California-based technology firm VMWare plans to buy fast-growing Sandy Springs-based mobile technology and security company AirWatch in a deal valued at more than $1.5 billion, the companies announced Wednesday.
AirWatch has become a rockstar in the world of securing mobile devices with the proliferation of smartphones and tablets. AirWatch has announced aggressive expansions that have added hundreds of jobs in Georgia and across the globe in the past year.
“When we started AirWatch, we set out to help businesses succeed in the mobile explosion that was set to come. Now there are more than 2 billion smart phones and tablets in the world and more than half of those devices touch an enterprise,” Alan Dabbiere, co-founder and chairman of AirWatch said in a news release. “By joining a proven innovator like VMware, we now have an opportunity to bring our leading-edge solutions to an even broader set of customers and partners to help them optimize for the mobile-cloud world.”
The companies stated the Atlanta-area site is expected to expand, with the acquiring company’s mobile operations to be based here.
AirWatch, launched in 2003, specializes in helping companies manage and secure mobile devices. It’s a booming segment in digital security as more businesses adopt mobile products and as more companies allow their workers to use their personal smartphones, tablets and computers for work. In October, the company said it had about 9,000 clients.
Given metro Atlanta’s low cost of living, its bustling airport and the region’s concentration of technology security and mobility companies and workforce talent, it’s not a surprise that VMWare would keep the core of AirWatch’s operations here and expand on them.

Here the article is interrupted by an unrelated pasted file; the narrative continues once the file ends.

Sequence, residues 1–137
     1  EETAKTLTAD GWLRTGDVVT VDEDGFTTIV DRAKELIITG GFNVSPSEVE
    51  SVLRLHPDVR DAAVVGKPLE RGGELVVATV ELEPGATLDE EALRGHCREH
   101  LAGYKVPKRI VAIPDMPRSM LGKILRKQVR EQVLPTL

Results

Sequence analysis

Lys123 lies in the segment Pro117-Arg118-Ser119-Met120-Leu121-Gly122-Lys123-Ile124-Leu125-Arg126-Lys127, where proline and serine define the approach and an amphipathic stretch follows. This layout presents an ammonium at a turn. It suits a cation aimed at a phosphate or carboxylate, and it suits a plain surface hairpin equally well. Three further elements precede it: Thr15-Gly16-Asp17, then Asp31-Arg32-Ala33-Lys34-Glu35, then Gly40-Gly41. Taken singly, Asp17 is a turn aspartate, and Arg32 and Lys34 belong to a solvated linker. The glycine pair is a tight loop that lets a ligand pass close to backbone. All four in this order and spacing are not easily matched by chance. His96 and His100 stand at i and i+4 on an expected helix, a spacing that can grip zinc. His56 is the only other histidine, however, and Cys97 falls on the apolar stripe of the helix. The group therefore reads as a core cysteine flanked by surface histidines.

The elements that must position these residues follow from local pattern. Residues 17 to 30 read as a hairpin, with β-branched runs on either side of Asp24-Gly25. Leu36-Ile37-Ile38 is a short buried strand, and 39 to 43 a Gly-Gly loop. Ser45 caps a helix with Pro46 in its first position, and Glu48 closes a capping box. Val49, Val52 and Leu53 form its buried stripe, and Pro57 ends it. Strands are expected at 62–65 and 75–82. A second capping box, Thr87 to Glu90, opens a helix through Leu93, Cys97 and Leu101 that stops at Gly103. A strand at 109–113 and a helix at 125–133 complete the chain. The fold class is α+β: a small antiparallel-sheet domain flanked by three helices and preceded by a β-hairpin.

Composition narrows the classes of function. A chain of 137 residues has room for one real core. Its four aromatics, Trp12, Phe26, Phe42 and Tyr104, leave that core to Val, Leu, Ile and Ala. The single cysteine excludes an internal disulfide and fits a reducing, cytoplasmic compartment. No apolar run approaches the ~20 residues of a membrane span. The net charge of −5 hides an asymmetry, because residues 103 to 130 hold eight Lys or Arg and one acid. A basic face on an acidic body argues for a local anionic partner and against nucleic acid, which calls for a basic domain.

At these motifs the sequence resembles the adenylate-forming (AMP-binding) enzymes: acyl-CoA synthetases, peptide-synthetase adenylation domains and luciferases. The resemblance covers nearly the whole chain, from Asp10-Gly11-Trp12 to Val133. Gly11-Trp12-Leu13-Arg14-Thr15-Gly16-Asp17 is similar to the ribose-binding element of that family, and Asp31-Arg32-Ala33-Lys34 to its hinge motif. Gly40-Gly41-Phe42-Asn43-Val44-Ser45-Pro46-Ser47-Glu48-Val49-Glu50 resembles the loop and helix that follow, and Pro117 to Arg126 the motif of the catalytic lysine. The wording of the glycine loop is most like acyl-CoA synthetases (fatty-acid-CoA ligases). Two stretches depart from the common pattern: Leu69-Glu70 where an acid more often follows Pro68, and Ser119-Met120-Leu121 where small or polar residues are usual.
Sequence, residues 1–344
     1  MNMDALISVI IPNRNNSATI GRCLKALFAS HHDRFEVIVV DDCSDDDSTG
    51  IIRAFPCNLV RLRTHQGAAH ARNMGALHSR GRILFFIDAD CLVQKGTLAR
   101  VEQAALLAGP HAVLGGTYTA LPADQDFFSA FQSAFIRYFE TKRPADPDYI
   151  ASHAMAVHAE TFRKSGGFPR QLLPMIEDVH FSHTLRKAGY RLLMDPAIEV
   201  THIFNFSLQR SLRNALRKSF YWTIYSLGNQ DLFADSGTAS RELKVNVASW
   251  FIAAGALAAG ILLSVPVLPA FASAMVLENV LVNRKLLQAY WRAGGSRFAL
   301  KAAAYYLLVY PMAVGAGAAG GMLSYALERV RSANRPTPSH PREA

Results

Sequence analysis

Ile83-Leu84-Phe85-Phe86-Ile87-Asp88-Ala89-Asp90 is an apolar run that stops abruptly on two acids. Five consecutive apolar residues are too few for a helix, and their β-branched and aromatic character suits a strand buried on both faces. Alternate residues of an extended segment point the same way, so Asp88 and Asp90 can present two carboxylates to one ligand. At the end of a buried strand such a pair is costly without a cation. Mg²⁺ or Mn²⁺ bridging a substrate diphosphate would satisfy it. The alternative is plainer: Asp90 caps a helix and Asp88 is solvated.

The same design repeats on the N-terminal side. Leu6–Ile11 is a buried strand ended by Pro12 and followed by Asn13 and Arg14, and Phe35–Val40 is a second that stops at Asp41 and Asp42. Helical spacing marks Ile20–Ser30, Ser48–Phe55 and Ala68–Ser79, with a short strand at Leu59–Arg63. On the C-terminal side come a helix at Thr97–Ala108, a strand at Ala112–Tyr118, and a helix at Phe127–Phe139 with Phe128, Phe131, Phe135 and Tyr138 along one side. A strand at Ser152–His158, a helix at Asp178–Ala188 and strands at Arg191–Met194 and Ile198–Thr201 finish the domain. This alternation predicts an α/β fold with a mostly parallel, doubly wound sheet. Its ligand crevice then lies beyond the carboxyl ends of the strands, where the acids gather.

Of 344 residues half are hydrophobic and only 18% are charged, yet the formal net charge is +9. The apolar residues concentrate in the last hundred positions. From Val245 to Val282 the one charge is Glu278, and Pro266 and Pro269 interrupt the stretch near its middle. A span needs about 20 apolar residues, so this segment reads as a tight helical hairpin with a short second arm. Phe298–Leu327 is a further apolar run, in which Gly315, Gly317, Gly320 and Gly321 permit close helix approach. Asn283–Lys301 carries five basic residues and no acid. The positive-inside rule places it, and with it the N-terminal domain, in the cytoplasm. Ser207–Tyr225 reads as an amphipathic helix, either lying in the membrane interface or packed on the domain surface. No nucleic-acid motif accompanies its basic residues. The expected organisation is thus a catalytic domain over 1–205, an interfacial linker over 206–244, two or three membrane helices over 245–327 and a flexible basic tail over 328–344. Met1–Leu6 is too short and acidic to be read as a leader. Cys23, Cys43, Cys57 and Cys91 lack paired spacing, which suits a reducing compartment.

AirWatch made waves in early 2013 when it said it would create 800 new jobs at its Sandy Springs headquarters. But the company hit major headlines again at the end of last year when it announced plans to hire 350 more over the next two years.
State and metro economic development officials have pivoted some of their recruitment efforts to cultivating startup companies and jobs that lead to new technologies. Though corporate relocation recruitment is still very much in the playbook, recruiters say cultivating locally grown companies and innovation will be a key growth source for the state’s economy.
The VMWare transaction follows a $200 million investment last year in AirWatch from a group led by Insight Venture Partners. That investment was seen as a major jolt for venture investing in Georgia, a state long-starved for capital to help upstart companies.
AirWatch also is not Dabbiere’s first fast-growing tech company. He founded Manhattan Associates in California in 1990. He moved the logistics software firm to metro Atlanta and later took the company public.